As we discover later, about everything a foreigner wants or has to buy here is very expensive and the most favorable currency is the Euro. But if you may also pay in Renminbi or Dollars and amazingly the change is always in exactly the currency you choose to pay in. As we walk across the concrete park we see a wedding couple posing for their photographs. We ask and are allowed to get a shot. The bride is dressed in a traditional Korean dress but the groom in a military army suit. That is very popular, Ong Min explains. I feel sorry for the couple because these freezing – 10 degrees winds are nearly unbearable. But love seems to make up for that.
As we stand in front of Kim’s huge 30 meters high statue, Ong Min asks us to make a bow and place the flowers. A strange feeling, because of course Mr. Kim is not MY great leader so why should I do that? But as we know, you better behave or it would be a great offence and that’s of course something I don’t want. I try to remember whether I have in my life had to bow before somebody or something. I can’t remember.
By now my bladder is screaming for release. But the only toilets that deem acceptable for foreigners are in the hotel. So we drive across the bridge over the Taedong river to the island of Yanggakdo where we check in our hotel, the “Yanggakdo Hotel”. Our room is on 38th floor and we seem to be the only guests! The rooms is very nice and rends fantastic views over the city. The cold winds at least have the advantage of allowing great views (and photographs!) over the city of Pyongyang.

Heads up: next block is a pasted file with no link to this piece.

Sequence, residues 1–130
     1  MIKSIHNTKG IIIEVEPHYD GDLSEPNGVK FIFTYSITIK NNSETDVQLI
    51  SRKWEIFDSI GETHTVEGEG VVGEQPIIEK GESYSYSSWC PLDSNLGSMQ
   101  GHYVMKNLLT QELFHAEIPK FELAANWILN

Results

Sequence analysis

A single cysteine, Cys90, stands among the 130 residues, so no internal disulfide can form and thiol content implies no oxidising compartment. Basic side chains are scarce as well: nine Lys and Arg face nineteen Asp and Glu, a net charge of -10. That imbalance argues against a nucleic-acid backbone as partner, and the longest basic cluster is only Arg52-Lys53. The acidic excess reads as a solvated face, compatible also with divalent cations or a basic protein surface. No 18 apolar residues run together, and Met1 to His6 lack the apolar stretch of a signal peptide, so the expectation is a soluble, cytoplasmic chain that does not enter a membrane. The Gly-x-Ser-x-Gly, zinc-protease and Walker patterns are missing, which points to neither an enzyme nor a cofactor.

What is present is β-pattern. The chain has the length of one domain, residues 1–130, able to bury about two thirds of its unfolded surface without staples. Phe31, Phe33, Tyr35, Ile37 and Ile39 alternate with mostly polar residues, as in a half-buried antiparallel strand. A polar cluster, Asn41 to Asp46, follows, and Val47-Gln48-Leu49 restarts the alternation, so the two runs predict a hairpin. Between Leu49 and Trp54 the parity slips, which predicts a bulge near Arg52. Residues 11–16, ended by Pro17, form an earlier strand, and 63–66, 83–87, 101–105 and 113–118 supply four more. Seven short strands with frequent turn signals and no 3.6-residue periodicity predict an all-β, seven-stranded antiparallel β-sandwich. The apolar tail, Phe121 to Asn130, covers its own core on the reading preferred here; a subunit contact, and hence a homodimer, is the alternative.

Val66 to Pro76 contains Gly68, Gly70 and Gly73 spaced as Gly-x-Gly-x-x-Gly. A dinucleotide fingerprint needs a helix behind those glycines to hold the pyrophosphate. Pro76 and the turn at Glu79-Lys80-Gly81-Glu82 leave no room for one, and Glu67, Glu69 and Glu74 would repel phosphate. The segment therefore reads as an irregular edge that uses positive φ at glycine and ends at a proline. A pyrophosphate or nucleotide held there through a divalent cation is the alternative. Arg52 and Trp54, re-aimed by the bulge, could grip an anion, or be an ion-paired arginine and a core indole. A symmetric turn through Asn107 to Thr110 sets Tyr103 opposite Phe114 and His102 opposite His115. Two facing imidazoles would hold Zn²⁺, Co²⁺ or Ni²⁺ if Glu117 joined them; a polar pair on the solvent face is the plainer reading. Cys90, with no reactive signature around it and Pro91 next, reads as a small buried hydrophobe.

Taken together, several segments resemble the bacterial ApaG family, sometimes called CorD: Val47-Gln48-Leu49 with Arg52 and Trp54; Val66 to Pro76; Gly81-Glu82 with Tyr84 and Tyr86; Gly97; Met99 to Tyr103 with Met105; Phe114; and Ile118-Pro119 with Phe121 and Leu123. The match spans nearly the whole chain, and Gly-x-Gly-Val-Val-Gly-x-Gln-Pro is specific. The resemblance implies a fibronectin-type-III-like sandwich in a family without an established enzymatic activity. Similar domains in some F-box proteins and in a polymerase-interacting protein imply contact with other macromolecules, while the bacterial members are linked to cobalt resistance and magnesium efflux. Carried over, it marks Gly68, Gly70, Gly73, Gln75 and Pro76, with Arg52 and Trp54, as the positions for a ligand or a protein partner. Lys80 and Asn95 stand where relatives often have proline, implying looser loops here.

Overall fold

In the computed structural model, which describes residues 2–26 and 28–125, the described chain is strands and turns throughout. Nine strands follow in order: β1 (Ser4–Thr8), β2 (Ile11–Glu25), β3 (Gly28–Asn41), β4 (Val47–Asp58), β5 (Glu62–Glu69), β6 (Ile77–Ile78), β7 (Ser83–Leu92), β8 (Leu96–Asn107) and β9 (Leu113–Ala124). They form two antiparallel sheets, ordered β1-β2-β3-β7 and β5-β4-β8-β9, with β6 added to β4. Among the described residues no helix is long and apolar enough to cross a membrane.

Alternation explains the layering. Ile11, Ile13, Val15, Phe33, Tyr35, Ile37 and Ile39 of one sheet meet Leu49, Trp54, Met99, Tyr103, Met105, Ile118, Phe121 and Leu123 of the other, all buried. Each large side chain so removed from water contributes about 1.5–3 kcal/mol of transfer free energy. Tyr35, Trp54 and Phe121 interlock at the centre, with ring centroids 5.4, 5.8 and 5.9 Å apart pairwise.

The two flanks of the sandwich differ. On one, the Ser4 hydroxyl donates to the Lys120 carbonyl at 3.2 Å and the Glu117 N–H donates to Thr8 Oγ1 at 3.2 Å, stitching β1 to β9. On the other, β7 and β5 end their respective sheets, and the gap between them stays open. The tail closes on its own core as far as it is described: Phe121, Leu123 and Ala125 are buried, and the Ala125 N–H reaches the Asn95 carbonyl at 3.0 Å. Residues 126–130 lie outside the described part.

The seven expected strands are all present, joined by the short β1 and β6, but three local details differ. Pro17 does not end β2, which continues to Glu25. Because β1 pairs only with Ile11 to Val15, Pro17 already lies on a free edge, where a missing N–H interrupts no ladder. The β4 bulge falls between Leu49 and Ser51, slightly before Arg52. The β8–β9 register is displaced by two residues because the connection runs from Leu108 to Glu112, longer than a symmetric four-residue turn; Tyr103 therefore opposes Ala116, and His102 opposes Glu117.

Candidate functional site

At 6pm we meet our guides in the lounge and over a cold draft beer (home brewed!) we are told about the programme for the next couple of days. It seems to be a very tight schedule, meticulously planned. Kim excuses the likely power shortage in our hotel in Kaesong with the fact that the States wouldn’t allow the DPRK to have its own nuclear power. Interesting explanation! The chairman of the United Nations security council international atomic energy authority (what a word!) Muhammed Al Baradai is indeed about to visit North Korea to resume talks about the nuclear threat that the DPRK had just posed. Not even the Chinese were pleased with what their neighbour was trying to do there. My question as to whether we could visit a market, is answered with strict silence. That of course means: definitely NOT!
|Happy birthday Phil!|
Then it’s time for dinner at the hotel restaurant where the chef greets me “Willkommen! Wie geht es Ihnen?”. Kim, Ong Min and the driver also take their seats with us, since it’s Phils special birthday.
My Schatz is becoming 60 today. What a place to celebrate such an event! After tasting some Kimpchi and a good broth of seafood soup we are invited to toast with Songak schnaps “Chuckbe!” (cheers!). And then there is Phils birthday cake! Indeed a nice sponge cake that we all share even with the staff.
After our little celebration I need a digestive walk, but where can we go? Maybe check out the basement. But all we find is a gambling room, a disco, a karaoke bar and a dubious looking massage parlour. We retreat to our room and think of other ways to end this remarkable day.